Prominent Mormon elected to the Senate

That would be Mike Lee, Utah’s new senator.

Oh yeah, that Harry Reid guy won too.

One of the more interesting Mormons in Congress is a new fellow, Republican Raul Labrador, who beat Dem. Walt Minnick in Idaho. Labrador is my kind of Mormon Republican: moderate on immigration and a fiscal conservative. He is a big tea party guy and of course benefitted from the fact that Idaho is an overwhelmingly Republican state.

Any thoughts on the election?

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About Geoff B.

Geoff B has had three main careers. Some of them have overlapped. After attending Stanford University (class of 1985), he worked in journalism for several years until about 1992, when he took up his second career in telecommunications sales. In 1995, he took up his favorite and third career as father. Soon thereafter, Heavenly Father hit him over the head with a two-by-four (wielded by the Holy Ghost) and he woke up from a long sleep. Since then, he's been learning a lot about the Gospel. He still has a lot to learn. Geoff's held several Church callings: young men's president, high priest group leader, member of the bishopric, stake director of public affairs, media specialist for church public affairs, high councilman. He tries his best in his callings but usually falls short. Geoff has five children and lives in Colorado.

33 thoughts on “Prominent Mormon elected to the Senate

  1. Disappointed that the LDS candidate for governor in Idaho lost. Even my far-right MIL voted for him (because she despises the current governor for his stance on education). But Mormons don’t usually do too well running for Idaho governor, despite being a huge percentage of Idaho’s voters. And, of course, Democrats almost never do well in Idaho.

    Harry Reid winning, despite what all the polls said–that’s big news.

    And surely you mean “Idaho is an overwhelmingly Republican state.”

    Meanwhile, my current state (Ohio) turned hard to the right, including a win by a candidate who put out the most offensive attack ad I have ever seen (basically attacking a candidate for associating with American Muslims).

  2. I think Harry Reid should have included in his acceptance speech, “And I’d like to thank the Tea Party for selecting a psycho whack job to oppose me…”

    I think Republicans would do soooo much better if they were to fix immigration without making Latinos the enemy. Most Latinos are very conservative in their views (over 1/2 voted for Prop 8 in California), and if they were embraced by the GOP, they would end up winning major elections everywhere. Build the fence, but then make legal immigration easier to do.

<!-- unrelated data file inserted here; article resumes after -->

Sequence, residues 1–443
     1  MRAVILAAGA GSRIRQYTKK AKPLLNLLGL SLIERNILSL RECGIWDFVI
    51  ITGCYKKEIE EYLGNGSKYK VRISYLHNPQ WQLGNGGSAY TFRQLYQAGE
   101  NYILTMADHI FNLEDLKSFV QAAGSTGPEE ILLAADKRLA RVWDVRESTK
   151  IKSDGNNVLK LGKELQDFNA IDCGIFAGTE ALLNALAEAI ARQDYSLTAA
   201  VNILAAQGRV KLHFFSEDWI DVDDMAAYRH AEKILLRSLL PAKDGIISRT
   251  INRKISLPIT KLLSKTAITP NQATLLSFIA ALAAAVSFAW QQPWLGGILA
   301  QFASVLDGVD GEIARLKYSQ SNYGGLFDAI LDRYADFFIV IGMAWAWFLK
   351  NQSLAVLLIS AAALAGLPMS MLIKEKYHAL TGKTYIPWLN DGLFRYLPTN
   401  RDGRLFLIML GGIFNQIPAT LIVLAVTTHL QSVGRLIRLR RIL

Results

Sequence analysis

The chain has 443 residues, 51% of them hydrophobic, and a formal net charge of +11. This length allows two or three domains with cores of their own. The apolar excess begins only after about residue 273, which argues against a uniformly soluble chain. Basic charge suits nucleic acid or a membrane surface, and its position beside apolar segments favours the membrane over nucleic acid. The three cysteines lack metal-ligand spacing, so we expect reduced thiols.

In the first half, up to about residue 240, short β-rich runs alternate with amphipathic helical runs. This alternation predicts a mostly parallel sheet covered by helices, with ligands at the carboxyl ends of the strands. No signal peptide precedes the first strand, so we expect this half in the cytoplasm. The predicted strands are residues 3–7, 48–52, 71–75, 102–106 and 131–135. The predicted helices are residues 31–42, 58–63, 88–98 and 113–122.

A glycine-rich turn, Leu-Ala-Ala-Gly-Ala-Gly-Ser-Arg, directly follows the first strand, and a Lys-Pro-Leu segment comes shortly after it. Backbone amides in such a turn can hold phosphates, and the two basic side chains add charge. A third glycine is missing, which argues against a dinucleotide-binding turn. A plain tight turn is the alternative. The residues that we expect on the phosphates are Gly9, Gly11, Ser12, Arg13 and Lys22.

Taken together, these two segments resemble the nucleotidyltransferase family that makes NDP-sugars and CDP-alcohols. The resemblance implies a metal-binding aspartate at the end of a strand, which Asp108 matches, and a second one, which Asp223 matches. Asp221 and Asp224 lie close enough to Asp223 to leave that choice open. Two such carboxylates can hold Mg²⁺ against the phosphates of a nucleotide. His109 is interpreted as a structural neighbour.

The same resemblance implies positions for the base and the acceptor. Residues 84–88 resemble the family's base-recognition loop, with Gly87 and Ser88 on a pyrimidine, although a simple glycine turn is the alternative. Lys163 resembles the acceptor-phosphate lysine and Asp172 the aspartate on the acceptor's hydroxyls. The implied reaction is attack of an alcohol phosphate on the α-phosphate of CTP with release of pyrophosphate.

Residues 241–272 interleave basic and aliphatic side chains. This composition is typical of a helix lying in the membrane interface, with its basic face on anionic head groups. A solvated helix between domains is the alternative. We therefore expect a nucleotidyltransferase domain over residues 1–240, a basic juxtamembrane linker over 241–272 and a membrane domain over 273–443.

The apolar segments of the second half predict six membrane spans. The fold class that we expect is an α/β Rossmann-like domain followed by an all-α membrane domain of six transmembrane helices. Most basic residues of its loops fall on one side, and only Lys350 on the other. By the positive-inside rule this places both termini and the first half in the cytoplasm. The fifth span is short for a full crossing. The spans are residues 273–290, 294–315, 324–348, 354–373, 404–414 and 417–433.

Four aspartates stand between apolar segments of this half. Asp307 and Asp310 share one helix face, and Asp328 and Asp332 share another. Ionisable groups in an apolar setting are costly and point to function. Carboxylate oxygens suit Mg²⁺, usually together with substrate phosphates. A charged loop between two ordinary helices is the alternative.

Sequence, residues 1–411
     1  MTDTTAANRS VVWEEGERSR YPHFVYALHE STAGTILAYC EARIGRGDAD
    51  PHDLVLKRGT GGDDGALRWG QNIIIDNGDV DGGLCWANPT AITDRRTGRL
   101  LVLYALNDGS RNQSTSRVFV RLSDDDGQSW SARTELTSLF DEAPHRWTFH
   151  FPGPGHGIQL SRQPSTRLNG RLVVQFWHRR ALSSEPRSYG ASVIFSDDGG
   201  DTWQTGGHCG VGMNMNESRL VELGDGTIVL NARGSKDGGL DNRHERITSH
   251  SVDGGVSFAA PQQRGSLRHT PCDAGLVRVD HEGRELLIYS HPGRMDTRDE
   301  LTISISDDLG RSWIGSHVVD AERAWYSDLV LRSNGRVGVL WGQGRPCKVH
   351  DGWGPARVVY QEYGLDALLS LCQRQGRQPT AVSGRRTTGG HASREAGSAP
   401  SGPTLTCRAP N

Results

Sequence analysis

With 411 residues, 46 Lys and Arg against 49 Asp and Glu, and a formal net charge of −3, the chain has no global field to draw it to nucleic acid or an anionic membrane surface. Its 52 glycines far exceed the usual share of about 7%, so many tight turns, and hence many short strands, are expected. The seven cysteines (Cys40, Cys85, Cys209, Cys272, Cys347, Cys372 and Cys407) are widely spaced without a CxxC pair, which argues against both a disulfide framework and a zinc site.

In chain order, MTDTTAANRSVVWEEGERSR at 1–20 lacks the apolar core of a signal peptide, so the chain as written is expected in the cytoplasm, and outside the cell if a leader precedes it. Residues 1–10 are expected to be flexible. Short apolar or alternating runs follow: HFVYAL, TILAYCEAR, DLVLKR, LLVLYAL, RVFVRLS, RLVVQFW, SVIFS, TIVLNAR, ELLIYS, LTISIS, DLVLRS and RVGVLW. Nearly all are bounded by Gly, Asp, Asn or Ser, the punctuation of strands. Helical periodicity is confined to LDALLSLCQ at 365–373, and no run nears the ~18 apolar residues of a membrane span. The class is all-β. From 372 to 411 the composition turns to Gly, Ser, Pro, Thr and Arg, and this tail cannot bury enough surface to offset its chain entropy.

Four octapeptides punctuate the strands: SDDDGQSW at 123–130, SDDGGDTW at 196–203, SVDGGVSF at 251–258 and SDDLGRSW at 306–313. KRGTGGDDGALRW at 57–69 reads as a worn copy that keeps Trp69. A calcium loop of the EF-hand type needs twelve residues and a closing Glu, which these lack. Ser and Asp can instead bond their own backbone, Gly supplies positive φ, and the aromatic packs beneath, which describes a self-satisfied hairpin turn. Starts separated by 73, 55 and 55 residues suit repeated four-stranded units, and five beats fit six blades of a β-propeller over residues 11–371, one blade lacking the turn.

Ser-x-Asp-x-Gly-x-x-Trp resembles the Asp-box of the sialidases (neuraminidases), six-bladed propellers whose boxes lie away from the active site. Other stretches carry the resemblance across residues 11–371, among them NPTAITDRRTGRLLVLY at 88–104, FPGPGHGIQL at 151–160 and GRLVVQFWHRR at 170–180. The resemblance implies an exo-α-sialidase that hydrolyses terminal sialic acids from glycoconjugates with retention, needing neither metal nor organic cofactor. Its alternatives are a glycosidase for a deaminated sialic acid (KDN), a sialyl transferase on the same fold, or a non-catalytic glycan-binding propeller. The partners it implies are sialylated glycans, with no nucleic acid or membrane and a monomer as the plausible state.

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  4. In Iowa, voters kicked out all three supreme court justices who were on the ballot. In California, the supreme court justices’ vote for and against retention went: Moreno, 68%-32%; Chin, 65%-35%; Cantil-Sakauye, 67%-33%. No Proposition 8 effect at all.

  5. There is some anti-LDS feeling in parts if ID. People think the church will run their lives. You just have to look at the LDS who were elected to know that the church accepts all kinds – Harry Reid to Raul Labrador. I’m glad Reid kept his seat.

  6. One of the few bright points in the election is that voters rejected candidates that are way out there like Angle and Tancredo in Colorado. I still have my fingers crossed that Miller will lose in Alaska.

    Utah deserves what they get for electing Lee. How he convinced people that he was better than Bennett AND Bridgewater is beyond me. As is how he managed to convince them he is a Tea Partier.

  7. I think one takeaway from Harry Reid’s victory is that there were no Republican candidates capable of beating him. I favored Lowden in the R primary, but I’m not convinced she or Tarkanian would have done much better than Angle.

    Love him or hate him politically, Reid is a fighter and good campaigner.

    The Tancredo situation is a very peculiar case. The Republicans had a really good candidate named Josh Penry who is prominent in Republican politics on a state level, but he decided not to run and supported McGinnis. McGinnis then imploded and lost to Dan Maes, who was the Republican candidate. Tancredo could not have won the Republican primary (in my opinion) and people only turned to him to oppose Hickenlooper. Anyway, I think Penry would have beaten Hickenlooper.

    I can’t really comment on Lee. I hope he is a fiscal conservative.

  8. Nevada Republicans better come up with someone to replace damaged Senator Ensign in 2012. If not, well, Rory Reid lost the Nevada governor’s race to Brian Sandoval yesterday, and so he may be tempted to try giving new meaning to the phrase “junior senator from Nevada.”

  9. Personally, I’m rather pleased with the outcome in general. In Colorado, the extremists were soundly put down as they should be. And despite your opinion of me Geoff, I do think the GOP in control of the House is a good thing. One party controlling both Congress and the Presidency isn’t usually a good idea, as can be illustrated by the last administration.